9TP (code for Polish: dziewięciotonowy polski - "9-tonne Polish") was a Polish light tank of early World War II era. A development of the earlier 7TP tank, it was to replace its predecessor in Polish service in 1940. Due to the outbreak of the war, only a limited number of early prototypes and development versions took part in battles of the Invasion of Poland.
The name of the tank was coined after World War II, technically the modified 7TP tanks were probably to retain the old designation regardless of the modifications. Alternative names include the "7TP wzmocniony", that is a "reinforced 7TP".
In the 1930s the Polish Army and the state-owned Państwowe Zakłady Inżynierii (PZInż) corporation worked on numerous modern medium tank designs that were to replace the 7TP as the main tank in Polish service, such as 10TP and 14TP. While 7TP was relatively modern and much superior to its German equivalents, the German Panzer I and Panzer II, it was based on the ageing Vickers 6-Ton and it was clear that it had limited potential for further improvements. However, as the 10TP and 14TP projects were running behind schedule, in 1938 it was decided to improve on the existing design.
The first modification was a new, more powerful powertrain. The new design could use either the Saurer CT1D diesel engine (license-produced in Poland as PZInż 155) or a modern gasoline engine PZInż 725. Both engines were lighter and smaller than the Saurer VBLDd engine used in 7TP. Because of that the armour could be extended and more space could be redirected to the battle compartment. An additional bonus was the fact that both engines were water-cooled which allowed for the rear grille of 7TP to be replaced with solid armoured plates. Another modification planned for the 9TP was switching from bolted and screwed to welded armoured plates, which further strengthened the hull and allowed to save additional 210 kilograms, enough to further strengthen the armour and widen the tracks from 267 mm to 320 mm.
Two design teams were tasked to work on the upgrade package. A design team of the PZInż led by Edward Habich decided to use the Saurer CT1D engine and introduce the design improvements gradually at the production lines. In May 1938 the PZInż produced one of the 7TP tanks (hull number 1766) equipped with the new CT1D engine and rear armoured plates. In the autumn of the same year the new tank was tested by the Centre for Armoured Troops Training at Modlin Fortress.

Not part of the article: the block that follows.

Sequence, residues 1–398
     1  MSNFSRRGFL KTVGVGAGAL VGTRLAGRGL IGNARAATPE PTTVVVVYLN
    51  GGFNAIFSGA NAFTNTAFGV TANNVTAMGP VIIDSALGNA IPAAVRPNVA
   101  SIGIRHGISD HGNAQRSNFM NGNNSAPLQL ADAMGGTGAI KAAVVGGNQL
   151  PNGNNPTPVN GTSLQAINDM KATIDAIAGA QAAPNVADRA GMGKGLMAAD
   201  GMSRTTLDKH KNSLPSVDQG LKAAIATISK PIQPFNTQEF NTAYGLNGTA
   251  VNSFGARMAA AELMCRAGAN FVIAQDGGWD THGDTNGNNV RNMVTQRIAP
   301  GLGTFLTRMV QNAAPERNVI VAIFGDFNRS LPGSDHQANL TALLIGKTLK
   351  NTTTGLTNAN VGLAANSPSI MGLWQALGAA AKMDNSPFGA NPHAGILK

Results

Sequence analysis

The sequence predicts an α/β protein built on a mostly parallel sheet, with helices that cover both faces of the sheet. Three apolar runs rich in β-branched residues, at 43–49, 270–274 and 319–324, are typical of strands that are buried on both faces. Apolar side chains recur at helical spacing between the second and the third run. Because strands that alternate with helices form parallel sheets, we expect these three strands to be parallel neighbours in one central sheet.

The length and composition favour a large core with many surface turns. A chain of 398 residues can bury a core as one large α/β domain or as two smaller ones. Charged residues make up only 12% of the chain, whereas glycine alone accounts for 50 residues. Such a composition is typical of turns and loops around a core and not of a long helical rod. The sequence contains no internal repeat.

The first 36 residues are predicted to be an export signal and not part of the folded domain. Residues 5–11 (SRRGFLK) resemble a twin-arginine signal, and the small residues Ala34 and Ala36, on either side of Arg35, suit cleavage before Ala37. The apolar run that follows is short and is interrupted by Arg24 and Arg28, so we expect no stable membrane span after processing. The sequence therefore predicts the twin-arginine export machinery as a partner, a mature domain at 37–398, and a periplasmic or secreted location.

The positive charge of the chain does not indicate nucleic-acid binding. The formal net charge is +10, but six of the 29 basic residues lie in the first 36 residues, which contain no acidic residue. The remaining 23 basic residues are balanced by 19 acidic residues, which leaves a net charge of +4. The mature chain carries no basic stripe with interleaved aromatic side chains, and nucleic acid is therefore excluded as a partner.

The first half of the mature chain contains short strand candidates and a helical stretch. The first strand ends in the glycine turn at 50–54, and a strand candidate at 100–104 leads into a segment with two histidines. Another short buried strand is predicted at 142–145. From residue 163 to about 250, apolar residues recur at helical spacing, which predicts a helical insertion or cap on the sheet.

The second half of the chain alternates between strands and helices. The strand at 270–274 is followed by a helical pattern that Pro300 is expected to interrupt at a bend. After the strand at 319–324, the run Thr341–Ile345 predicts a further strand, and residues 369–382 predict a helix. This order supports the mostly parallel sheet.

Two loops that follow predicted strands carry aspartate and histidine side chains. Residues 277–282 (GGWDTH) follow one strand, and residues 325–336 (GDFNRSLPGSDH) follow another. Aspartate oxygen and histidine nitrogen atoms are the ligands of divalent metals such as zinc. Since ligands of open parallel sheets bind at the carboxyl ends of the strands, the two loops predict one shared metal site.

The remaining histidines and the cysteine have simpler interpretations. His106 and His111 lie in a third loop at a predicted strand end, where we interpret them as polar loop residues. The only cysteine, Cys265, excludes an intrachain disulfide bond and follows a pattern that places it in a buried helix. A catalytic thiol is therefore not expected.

Simultaneously a design team of the Technical Research Bureau of Armoured Forces (BBTBP) adopted the PZInż 725 engine and decided to further modify the tank, lowering its silhouette. While the BBTBP design was considered superior to the one proposed by PZInż, eventually the PZInż proposals were accepted as requiring less work and time to introduce in serial production.
On 29 June 1939 the Polish Army ordered 100 tanks of the new design to be delivered by June 1940. The following month the PZInż produced two additional prototypes to be extensively tested at tank proving grounds. While tests were generally favourable, it was noted that the new design had much lower speed than had been anticipated (26 km/h on paved roads and 11.5 km/h off-road).
It is unclear how many 9TP tanks were actually produced before the outbreak of World War II on 1 September 1939. It is assumed that the 11 tanks delivered to the Polish Army already after the start of hostilities were of 9TP rather than 7TP design. If this was the case, than the total number of 9TP tanks produced was 13 (two prototypes and 11 production models), with one 7TP with a new engine being an interim design. No documentation has survived however and this is by no means certain. The 11 tanks could have been either standard 7TP or 7TP with some of the modifications included, but not all of them. The tanks of this batch were incorporated in the 2nd Light Tank Company and took part in the fights during the Siege of Warsaw and served with distinction until the capitulation of the city on 27 September 1939.